The Evolution of Product-Led Growth

Jim Semick
Co-founder, Board Member at ProductPlan

product led growth evolution

The evolution of product-led growth may seem to be a recent trend at software companies, but the underlying concepts have been in full force for years. 

Being product-led is a path to success: we’ve seen consistently that product-led companies achieve faster growth once they achieve scale. Companies like Slack, Zoom, Calendly, Hubspot, and Dropbox are often mentioned as examples. But there are thousands of others that have achieved faster growth through similar methods.

I’ve had the fortune of working on teams launching some of the early SaaS products going back almost 20 years. All of them baked product-led growth into their business models.

In this article, I’ll give you some examples of product-led growth from my own experience. And I’ll additionally provide a few thoughts on where it’s all heading.

But first I’ll quickly explain what I mean when I say “product-led”. To me, it means that the company is thinking product-first and is focused on the customer experience. It means they use the product itself to drive growth through new sales and expansion revenue. 

In my experience, the best companies build the business model to help the product achieve faster growth without adding a commensurate number of salespeople to the mix. Rather than the previous generation of software companies with high friction sales models, in a product-led company the customers themselves foster the growth.

My Experience with GoToMeeting: Growth Built-In

In 2004 I helped launch GoToMeeting, one of the earliest web-based products with a SaaS model. The product was acquired by Citrix, and later by LogMeIn. I was on the team conducting market validation and I led the early customer discovery interviews. I then wrote the product requirements that outlined the features, value propositions, and business model.

We took our learnings from launching two earlier products at the same company and created a model integrating several characteristics that, while we didn’t call it product-led at the time, clearly were product-led. These characteristics helped create a wildly successful product and a model for future companies:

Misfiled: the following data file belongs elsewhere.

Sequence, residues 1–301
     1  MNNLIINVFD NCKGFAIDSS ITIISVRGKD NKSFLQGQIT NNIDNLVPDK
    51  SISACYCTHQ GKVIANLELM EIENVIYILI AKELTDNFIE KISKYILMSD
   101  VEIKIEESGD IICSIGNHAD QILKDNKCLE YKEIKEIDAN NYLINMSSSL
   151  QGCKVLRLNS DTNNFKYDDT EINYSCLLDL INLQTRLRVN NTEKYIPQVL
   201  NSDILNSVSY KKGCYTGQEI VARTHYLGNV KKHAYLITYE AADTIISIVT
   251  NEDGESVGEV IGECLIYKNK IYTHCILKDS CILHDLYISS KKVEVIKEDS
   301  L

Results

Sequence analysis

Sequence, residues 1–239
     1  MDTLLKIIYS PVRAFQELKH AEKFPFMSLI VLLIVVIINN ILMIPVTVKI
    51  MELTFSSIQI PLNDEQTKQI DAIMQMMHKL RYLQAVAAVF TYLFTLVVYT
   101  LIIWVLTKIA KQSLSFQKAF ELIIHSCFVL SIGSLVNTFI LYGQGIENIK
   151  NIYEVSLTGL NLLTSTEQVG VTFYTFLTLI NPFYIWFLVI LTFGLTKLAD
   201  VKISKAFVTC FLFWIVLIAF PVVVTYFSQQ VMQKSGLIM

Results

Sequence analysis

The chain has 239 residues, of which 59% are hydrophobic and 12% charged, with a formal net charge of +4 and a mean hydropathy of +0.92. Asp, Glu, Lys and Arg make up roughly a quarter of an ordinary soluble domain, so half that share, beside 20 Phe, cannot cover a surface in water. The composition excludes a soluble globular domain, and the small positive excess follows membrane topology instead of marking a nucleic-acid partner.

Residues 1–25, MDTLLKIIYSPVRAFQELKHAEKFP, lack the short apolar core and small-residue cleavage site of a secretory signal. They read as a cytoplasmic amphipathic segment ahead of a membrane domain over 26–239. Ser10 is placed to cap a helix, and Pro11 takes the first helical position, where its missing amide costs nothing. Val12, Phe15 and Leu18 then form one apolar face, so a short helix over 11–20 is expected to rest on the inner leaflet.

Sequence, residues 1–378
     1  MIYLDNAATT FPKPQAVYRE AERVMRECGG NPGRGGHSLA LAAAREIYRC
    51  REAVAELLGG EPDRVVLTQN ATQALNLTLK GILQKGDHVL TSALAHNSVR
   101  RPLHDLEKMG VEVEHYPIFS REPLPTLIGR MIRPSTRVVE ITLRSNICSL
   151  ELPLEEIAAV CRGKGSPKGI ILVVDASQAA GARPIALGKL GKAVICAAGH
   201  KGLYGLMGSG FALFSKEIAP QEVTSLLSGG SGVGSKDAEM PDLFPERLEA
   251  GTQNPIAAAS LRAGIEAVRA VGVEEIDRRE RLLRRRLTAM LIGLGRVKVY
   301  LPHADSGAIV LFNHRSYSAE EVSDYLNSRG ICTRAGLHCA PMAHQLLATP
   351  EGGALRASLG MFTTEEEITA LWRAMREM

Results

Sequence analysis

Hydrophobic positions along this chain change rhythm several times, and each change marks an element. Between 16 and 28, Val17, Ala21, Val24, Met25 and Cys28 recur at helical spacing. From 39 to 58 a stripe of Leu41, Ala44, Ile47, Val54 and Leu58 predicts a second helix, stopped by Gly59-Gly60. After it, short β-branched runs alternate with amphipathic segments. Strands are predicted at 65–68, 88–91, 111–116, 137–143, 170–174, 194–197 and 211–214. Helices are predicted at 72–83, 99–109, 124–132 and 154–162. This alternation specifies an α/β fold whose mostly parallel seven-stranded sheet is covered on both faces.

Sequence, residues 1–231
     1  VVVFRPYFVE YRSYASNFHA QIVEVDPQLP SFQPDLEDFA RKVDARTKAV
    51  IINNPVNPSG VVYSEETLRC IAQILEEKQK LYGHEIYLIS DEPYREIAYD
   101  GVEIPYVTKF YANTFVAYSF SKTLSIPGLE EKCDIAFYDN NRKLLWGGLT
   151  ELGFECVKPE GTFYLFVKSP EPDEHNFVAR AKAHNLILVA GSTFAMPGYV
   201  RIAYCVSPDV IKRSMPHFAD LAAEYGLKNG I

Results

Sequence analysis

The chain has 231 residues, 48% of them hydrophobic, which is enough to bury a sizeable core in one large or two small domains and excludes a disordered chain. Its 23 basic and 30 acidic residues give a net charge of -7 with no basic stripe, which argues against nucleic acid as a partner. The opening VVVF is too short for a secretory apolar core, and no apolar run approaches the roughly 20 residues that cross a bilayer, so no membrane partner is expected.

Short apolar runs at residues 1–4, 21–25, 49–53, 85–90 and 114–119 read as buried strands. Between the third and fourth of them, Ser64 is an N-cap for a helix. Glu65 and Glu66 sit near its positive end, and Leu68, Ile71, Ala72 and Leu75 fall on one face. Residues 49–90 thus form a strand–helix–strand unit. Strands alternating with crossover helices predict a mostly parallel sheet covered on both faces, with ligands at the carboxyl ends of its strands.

Product-Led Growth at ProductPlan

My company ProductPlan launched our product roadmap platform in 2013 and we baked in product-led growth from the very beginning. In our early market validation, we discovered that product managers wanted to try the product on their own before buying. For that reason, we launched with a completely self-service model and didn’t hire our first salesperson until years later in 2016. 

Download the Product-Market Fit Book ➜Here are some of the characteristics of ProductPlan that make us product-led.  

I’m not saying that we’ve nailed product-led growth. We have a lot more to learn and do. And our model continues to evolve. Today we have an enterprise account management team and more options for trying the product, including coordinated team trials, but our core product-led approach is still there.

Core Principles Going Forward

What I’ve described so far are a few basics from my experience that companies can adopt to become more product-led. My opinion is that we can focus on a couple of core principles to become more product-led in our companies. A couple of my favorite products can provide some insight. 

The first core principle is to deliver an outstandingly positive user experience. A great example of this is Slack. Like many of you, we’re a customer, and it was their thoughtful focus on creating a simple and fun way for our team to communicate that created rapid and enthusiastic adoption. 

The other core principle is some kind of viral growth built into the business model – often accelerated by existing customers. I’ve been a customer of Calendly’s meeting scheduling tool for a while now because it makes it so easy to find meeting times. I chiefly use it for scheduling calls with customers. It’s the virality of their product that fascinates me—every time I send an invitation to someone to find a meeting time, I’m essentially sending an email to a new prospective customer for them. The product doesn’t need an overly aesthetic UI to have product-led growth. It’s so easy to get started that this product gains fast adoption. 

For those of us in the software world, most of us want to evolve to be product-led. By looking at these examples you hopefully are inspired to build growth levers into your product and business model. Have other examples? I’d love to hear what you think.

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